Performance in endurance sports relies on an athlete’s drive and these athletes need to be able to exert a lot of effort during exercise to win.
An endurance athlete’s capacity to push through pain when it counts can make or break a race. But even the toughest, most well-trained athletes can succumb to mental fatigue. The causes have long puzzled athletes and trainers alike but new research might finally shed some light on the mystery.
A recent review of 11 studies published in the Journal of Sports Medicine found that mental fatigue caused by a long day at work, a bad night’s sleep or even scrolling through social media can stunt our ability to endure a hard workout and perform.
In one study, athletes watched a 90 minute documentary before cycling at high intensity until exhaustion. Later, the same athletes completed a 90 minute computer task requiring intense focus before the same high-intensity cycling workout.
Comparing the two performances analysts found that while physical measurements such as heart rate, blood lactate and oxygen consumption weren’t affected by the mentally fatiguing computer task, psychological measurements, like perceived effort, suffered. The study’s author, Jeroen Van Cutsem, said the workout that followed the computer task felt an average of 10 percent tougher and caused impaired performances across the board.
The study found that mental fatigue impacts performance in two ways. Increasing the perceived effort needed for a given task convinces athletes they’re too exhausted to complete the task while also decreasing the value of the reward they’re pursuing.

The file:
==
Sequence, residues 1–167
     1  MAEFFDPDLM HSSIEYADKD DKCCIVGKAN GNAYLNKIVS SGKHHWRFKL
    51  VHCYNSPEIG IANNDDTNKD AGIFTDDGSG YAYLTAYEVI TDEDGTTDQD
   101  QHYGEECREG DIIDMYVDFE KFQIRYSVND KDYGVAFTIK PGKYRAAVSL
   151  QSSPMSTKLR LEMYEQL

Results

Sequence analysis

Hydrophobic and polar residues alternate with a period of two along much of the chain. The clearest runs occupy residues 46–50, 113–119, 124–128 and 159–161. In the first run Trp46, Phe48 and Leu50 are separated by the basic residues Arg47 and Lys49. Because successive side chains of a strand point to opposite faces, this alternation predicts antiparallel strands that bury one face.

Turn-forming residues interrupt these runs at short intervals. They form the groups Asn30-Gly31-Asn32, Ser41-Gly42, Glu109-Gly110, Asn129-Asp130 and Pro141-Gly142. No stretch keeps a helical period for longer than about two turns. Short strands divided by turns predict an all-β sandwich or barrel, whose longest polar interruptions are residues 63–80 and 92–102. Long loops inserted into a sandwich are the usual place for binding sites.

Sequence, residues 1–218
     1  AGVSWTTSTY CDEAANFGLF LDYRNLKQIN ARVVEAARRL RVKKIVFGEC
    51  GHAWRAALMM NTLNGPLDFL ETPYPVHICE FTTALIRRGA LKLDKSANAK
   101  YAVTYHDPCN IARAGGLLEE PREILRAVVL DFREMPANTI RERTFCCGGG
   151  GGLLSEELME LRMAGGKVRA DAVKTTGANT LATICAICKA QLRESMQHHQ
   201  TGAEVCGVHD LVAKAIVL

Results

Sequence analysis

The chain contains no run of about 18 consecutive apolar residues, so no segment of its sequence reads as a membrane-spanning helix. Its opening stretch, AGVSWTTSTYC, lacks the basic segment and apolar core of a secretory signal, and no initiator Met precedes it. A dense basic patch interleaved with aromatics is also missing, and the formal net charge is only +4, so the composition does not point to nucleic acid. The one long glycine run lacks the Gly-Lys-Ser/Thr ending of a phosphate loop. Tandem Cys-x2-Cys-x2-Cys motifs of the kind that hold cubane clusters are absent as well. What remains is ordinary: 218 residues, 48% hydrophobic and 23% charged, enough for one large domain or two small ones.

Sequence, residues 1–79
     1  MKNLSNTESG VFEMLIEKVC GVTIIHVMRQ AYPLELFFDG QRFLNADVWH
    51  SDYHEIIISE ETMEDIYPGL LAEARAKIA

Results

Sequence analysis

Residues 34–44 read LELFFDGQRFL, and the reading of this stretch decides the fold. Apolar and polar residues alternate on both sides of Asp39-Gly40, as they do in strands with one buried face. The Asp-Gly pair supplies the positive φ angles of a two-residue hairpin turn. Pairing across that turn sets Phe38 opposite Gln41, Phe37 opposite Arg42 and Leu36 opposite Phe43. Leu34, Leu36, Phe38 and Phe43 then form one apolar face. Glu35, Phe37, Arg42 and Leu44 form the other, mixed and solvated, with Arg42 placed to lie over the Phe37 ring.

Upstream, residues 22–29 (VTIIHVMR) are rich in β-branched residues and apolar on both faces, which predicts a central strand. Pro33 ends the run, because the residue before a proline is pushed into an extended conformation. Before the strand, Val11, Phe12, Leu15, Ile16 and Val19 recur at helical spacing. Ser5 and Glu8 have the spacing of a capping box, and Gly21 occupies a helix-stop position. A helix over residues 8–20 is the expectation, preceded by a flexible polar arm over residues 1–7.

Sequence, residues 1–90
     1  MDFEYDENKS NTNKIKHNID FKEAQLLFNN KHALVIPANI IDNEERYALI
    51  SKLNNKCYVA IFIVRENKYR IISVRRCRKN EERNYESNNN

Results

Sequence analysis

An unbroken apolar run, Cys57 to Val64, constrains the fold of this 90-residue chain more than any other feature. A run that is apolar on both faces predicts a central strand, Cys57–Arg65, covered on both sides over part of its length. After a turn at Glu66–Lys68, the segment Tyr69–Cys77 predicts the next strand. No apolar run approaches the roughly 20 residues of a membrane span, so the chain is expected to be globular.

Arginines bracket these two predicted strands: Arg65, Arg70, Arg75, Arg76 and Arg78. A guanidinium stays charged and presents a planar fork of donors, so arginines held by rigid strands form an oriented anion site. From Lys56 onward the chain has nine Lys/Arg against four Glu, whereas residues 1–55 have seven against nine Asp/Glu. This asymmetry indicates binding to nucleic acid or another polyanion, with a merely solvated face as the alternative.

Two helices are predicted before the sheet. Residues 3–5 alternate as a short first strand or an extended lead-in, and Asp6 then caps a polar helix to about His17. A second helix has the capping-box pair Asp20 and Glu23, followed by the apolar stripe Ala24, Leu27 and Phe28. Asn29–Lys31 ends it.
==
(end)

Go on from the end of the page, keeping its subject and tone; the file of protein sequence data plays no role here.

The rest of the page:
The loss of drive seemed to impact athletes performing sustained endurance activities the most. In shorter, more intense activities like sprinting, it’s easier to overcome mental fatigue. Van Cutsem says that since they require little cognitive processing it doesn’t matter how tired your brain is.
You can actively train your mind to harness your willpower and determination to push past your self-imposed physical limits to get the best not only out of your body, but out of your mind as well.
A simple and quick fix for mental fatigue may lie in a sports drink or a cup of coffee. A 2017 study found that rinsing your mouth with a caffeinated drink before a workout resulted in a higher resistance to mental fatigue and increased ability to maintain cognitive performance. Refraining from social media prior to performances might also help combat mental fatigue. Amy Saltzman, author of A Still Quiet Place for Athletes: Mindfulness Skills for Achieving Peak Performance, says that scrolling through social media drains energy and makes athletes feel irritated before a workout.
Simply taking a few deep breaths before a workout can make a big difference. Carving a few minutes for deep breathing exercises can give you a mental reset after a busy day.